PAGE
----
For a health care systems that is " wildly out of balance and in critical need of reform,” the tracking tool can benchmark and measure change over time.
A new national scorecard aims to be the baseline for future improvement of primary care across the United States – because right now the scores are bad.
The Milbank Memorial Fund, The Physicians Foundation, and the American Academy of Family Physicians’ (AAFP) Robert Graham Center this week published “The Health of US Primary Care: A Baseline Scorecard Tracking Support for High-Quality Primary Care.” It includes national and state level data across 4 dimensions: financing, access, workforce development, and research.
Primary care physicians, other clinicians, and health care observers hoping for unexpected good news about the specialty will have to look elsewhere.
“We cannot underestimate the critical role primary care plays in our health care system, from improving patient outcomes to enhancing access to quality care for everyone,” Ripley Hollister, MD, said in a news release. A family medicine physician, Hollister is a board member of The Physicians Foundation.
“This first benchmark report provides necessary recommendations to help address the mounting challenges that primary care physicians are facing,” Hollister said. “We look forward to seeing the report published annually to ensure we embrace opportunities to improve primary care and provide a better future for America’s health.”
The scorecard and accompanying data dashboard were developed as a response to the 2021 report of the National Academies of Sciences, Engineering, and Medicine (NASEM), which called for an annual tracking tool to benchmark and measure characteristics of American primary care over time.
“Our health care system is wildly out of balance and in critical need of reform,” Milbank Memorial Fund President Christopher Koller said in a news release. “We can do better, and this scorecard can serve as an essential tool for policymakers and other stakeholders to pursue policies that will increase investments in high-quality primary care in every community.”
The NASEM report recommended 5 objectives for achieving high-quality primary care, so measures in the scorecard are based on those. One – improving health care through information technology that serves the patient, family, and interprofessional care team – has no current data for that category.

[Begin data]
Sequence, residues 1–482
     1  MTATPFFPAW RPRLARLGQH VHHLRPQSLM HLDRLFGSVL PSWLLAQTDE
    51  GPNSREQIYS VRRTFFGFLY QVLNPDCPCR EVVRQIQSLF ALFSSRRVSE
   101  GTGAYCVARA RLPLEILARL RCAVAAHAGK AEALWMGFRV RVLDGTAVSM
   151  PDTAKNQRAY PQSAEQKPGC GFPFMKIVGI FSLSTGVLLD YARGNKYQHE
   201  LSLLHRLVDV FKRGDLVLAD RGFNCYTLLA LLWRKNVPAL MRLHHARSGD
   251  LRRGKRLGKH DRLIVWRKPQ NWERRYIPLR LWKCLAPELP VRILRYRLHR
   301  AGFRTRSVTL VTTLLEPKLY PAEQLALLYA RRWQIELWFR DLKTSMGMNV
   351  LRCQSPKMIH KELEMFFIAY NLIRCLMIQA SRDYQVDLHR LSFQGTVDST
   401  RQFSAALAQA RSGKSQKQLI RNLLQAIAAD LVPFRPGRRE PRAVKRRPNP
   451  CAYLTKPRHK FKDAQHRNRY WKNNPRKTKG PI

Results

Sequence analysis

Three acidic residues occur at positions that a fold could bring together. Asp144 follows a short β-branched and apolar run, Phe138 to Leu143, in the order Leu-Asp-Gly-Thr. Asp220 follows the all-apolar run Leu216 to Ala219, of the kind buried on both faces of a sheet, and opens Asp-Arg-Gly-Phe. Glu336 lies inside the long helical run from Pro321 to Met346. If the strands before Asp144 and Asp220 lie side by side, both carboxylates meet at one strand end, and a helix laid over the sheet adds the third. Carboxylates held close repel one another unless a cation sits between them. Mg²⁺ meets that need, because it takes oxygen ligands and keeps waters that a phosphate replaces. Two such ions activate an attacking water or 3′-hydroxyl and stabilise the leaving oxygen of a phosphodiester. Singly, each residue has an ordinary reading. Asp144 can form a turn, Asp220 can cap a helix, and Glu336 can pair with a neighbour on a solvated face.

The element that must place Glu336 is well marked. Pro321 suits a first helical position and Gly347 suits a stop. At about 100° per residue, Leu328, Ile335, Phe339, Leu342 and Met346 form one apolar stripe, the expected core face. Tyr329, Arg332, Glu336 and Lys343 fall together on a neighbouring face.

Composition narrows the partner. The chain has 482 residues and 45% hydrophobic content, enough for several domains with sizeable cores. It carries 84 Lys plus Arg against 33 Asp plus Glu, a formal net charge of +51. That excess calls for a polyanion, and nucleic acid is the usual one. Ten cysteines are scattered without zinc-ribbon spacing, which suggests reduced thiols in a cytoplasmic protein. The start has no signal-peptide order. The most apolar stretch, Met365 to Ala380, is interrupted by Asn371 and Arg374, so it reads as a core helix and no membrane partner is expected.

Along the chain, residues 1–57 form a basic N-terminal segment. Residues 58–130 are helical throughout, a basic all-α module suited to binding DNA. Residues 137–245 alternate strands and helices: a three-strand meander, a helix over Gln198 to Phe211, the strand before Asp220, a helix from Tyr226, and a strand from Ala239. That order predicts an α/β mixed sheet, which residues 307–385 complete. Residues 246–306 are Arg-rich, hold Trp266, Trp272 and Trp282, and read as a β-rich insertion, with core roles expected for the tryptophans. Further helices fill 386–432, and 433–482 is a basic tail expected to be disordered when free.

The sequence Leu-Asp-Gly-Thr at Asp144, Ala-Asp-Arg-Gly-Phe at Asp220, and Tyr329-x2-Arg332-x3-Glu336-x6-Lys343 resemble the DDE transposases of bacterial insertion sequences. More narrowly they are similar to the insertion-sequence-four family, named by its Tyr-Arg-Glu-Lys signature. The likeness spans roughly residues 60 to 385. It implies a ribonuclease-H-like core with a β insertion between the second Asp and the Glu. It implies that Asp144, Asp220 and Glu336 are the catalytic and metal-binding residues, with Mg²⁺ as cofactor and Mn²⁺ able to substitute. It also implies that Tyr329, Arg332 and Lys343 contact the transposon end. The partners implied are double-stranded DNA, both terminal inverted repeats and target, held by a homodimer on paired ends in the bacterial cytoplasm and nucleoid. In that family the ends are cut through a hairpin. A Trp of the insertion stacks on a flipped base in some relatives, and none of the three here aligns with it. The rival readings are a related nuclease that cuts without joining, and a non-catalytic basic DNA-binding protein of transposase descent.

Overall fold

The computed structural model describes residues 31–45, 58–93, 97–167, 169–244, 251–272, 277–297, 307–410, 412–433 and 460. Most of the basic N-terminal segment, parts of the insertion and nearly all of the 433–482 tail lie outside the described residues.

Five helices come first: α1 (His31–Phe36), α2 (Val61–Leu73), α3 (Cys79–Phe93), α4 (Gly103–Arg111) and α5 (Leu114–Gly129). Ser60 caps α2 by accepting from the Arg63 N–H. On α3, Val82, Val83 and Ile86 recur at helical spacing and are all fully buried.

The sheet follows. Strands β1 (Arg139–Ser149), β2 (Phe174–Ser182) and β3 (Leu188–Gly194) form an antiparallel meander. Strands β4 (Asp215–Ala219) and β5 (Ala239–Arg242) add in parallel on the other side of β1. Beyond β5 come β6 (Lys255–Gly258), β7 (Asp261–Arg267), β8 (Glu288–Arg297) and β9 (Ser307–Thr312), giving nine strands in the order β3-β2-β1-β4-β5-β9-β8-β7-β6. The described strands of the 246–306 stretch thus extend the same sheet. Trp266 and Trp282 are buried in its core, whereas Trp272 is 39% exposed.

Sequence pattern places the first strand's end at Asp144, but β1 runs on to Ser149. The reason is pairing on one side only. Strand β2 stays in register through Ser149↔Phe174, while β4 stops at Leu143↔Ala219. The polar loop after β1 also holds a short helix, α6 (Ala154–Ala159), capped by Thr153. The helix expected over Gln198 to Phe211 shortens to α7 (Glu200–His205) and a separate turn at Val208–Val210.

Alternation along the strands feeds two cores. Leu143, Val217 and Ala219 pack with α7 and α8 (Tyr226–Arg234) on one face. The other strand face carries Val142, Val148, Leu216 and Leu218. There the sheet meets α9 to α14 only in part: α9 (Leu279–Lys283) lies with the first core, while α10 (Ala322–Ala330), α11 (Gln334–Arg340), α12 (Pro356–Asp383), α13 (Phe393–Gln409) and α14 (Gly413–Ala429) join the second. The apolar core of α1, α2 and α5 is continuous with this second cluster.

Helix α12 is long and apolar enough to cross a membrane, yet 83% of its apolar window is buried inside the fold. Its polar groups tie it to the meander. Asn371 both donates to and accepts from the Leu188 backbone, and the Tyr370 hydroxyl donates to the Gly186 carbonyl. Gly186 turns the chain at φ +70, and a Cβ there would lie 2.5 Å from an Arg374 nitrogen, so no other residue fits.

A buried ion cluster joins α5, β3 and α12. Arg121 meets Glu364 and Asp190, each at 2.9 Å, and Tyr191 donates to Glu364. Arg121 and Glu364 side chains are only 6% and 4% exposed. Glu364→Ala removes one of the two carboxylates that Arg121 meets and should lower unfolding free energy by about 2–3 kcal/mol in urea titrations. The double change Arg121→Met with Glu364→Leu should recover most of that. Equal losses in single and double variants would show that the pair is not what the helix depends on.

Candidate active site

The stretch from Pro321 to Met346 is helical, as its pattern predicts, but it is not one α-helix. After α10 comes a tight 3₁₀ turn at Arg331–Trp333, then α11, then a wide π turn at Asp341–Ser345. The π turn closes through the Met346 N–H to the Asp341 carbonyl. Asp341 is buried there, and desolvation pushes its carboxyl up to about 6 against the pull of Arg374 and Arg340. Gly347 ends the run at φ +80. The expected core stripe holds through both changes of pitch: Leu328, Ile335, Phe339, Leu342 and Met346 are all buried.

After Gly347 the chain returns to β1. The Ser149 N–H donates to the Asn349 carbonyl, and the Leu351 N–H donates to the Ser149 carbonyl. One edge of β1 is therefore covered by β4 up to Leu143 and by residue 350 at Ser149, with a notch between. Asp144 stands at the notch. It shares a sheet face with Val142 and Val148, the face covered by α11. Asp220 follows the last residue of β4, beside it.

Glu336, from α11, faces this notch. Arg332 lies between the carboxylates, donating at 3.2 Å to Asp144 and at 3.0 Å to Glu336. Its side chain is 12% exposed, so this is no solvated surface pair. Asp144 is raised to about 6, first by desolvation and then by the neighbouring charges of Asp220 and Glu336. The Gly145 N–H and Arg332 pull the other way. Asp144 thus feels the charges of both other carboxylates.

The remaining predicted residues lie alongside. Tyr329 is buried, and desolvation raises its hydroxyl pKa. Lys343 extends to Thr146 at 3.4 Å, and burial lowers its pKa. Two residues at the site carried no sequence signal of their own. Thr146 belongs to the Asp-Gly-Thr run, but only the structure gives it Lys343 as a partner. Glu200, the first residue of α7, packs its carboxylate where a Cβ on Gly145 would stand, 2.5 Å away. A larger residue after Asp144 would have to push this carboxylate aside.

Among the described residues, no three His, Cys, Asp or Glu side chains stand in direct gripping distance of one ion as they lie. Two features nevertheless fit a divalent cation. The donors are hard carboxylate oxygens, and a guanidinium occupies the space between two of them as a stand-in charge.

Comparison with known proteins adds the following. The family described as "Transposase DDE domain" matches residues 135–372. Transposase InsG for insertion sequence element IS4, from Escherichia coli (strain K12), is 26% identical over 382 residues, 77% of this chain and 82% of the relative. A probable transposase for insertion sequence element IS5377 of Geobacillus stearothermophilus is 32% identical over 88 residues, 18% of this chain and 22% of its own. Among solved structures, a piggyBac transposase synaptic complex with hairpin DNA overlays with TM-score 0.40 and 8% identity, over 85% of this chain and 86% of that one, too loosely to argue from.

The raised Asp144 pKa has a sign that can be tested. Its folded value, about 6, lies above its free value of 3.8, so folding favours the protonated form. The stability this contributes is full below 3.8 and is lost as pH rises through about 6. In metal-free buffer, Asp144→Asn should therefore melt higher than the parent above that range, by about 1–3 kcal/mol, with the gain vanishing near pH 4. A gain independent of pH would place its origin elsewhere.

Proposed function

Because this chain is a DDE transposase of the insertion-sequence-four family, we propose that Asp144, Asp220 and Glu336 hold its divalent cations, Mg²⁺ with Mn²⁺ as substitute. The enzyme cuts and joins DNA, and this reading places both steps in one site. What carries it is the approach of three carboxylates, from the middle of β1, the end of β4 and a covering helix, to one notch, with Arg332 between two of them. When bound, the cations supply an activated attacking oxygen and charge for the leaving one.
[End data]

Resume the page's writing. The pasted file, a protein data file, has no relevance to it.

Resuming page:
The report summary stated:
NASEM objective: Pay for primary care teams to care for people, not doctors to deliver services.
Scorecard finding: The United States invested less than 6.5% of total health spending on primary care from 2010 to 2020. That is lower than Organization for Economic Cooperation Development nations that spent an average of 7.8% of total health care costs on primary care in 2016. Medicare spends the least on primary care as a percentage of total health spending. Medicaid spending has fallen nearly continuously since 2014.
NASEM objective: Ensure high-quality primary care is available to every individual and family in every community.
Scorecard finding: The workforce is shrinking and gaps in care are growing. In 2010, one in three physicians practiced primary care, but just one in five, or 20%, of medical residents entered primary care from 2012 to 2020. There are fewer physicians in medically underserved areas and 27.1% of adults reported not having a source of primary care as of 2020, compared to 23.6% in 2010.
NASEM objective: Train primary care teams where people live and work.
Scorecard finding: There are “significant discrepancies” between where physicians train and where people live and work. In some states, just 5.9% of resident physicians are trained in rural counties or medically underserved areas.
NASEM objective: Ensure that high-quality primary care is implemented in the United States.
Scorecard finding: From 2017 to 2021, U.S. National Institutes of Health money allocated for family medicine was stagnant at 0.2% a year.
The scorecard was developed with researchers at the AAFP Robert Graham Center, based on data from a number of sources. The authors include center director Yalda Jabbarpour, MD, a family physician; Stephen Petterson, PhD, interim research director at the center; Anuhradha Jetty, MPH, senior epidemiologist at the center; and Hoon Byun, DrPH, economist at the center.